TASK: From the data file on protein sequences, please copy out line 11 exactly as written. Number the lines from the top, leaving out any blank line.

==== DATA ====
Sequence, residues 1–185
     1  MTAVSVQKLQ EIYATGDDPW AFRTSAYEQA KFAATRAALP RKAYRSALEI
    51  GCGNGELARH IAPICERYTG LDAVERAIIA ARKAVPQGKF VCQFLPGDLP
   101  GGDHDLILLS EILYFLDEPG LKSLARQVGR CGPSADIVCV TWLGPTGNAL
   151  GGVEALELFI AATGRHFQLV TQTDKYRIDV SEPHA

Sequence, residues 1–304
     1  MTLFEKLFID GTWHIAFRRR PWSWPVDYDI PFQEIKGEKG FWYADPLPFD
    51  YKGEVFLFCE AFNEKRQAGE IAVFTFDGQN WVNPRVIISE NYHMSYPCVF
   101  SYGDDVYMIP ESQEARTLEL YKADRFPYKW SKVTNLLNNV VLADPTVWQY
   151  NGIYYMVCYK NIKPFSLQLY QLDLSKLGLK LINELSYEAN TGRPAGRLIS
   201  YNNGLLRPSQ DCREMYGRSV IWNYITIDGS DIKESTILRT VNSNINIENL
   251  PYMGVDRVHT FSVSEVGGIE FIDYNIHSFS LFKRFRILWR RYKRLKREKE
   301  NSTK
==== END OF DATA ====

   201  YNNGLLRPSQ DCREMYGRSV IWNYITIDGS DIKESTILRT VNSNINIENL